Windhoek-The High Court judge dealing with the urgent application of 15 people who were unceremoniously evicted from their homes in 7de Laan, Otjomiuse, on March 28 has requested the evictees to provide proof that they have been residing in the area for more than three years as they claim.
The 15 applicants, with the assistance of Affirmative Repositioning movement, filed an urgent application with the High Court last week stating that the City of Windhoek had no legal rights to evict the residents without a court order, even though their homes were erected illegally.
During submissions, which lasted the whole day on Friday, lawyer Kadhila Amoomo aided by Henry Shimutwikeni explained to the court that their clients have been residing at the area for more than three years. Amoomo placed emphasis on the first applicant Christine Lukuwa, who is a mother of four, stating that they were fast asleep when City Police officials came banging on their door and started demolishing their shack on the morning of March 28.
“The law of eviction states that a court order may first be obtained for an eviction to take place but this was not the case. These people have minors and now they are left out in the cold sleeping on the streets,” explained Amoomo.
However, Judge Shafimana Uitele said that evidence, such as gardens or a small poultry plot, is needed to support the applicants’ version that their homes were complete structures before being demolished on the morning in question.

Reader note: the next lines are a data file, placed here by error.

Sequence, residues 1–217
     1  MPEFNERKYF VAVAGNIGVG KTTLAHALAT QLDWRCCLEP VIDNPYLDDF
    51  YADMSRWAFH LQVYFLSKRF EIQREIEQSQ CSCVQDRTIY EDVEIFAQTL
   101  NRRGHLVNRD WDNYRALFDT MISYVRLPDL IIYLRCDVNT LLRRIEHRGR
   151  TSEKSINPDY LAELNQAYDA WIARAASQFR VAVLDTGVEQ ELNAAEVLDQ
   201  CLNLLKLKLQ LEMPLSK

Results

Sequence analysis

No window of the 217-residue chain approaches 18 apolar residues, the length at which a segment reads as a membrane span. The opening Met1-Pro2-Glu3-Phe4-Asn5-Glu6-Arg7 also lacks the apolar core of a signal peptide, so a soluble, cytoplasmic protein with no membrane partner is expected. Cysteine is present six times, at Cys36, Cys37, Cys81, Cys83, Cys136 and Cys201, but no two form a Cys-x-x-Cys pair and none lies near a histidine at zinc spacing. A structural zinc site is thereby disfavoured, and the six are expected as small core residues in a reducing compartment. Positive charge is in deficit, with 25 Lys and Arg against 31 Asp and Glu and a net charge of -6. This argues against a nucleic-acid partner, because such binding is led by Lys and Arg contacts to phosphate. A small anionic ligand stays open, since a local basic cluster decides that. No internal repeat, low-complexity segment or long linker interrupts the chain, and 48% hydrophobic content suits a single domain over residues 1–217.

“If Miss Lukuwa can convince the court that she has been living on that piece of land undisturbed for an extended period of time then it is right to say that the City’s actions were not legal,” explained Uitele.
He added that there is a huge difference between a home that has been standing for three years and a recently constructed home.
The City of Windhoek through its legal representative Thabang Phatela has bluntly refuted claims that the people have lived in the area for some time, arguing that they never demolished complete structures but structures that were in the process of being erected. Phatela explained that this can be seen in the affidavit of Tom Frans, a security guard on duty at the location, who said there were only 14 homes before March 28 and all homes were marked by the municipality with paint.
“Due to the high mushrooming of shacks in the area since January, the City had to employ a security company to guard the area and report any illegal activities,” noted Phatela. The City claims the applicants’ names do not appear on the list of residents recorded to have been residing in the area when the municipality marked the homes in January and February.
The judge postponed the matter to April 7 with the court order still in effect that no further evictions and demolition should be done, confiscated properties of the residents should be returned to the respective owners and alternative accommodation be provided.
Lukuwa and her family have been living on the City’s account and are being accommodated in a bed and breakfast which costs N$400 a day.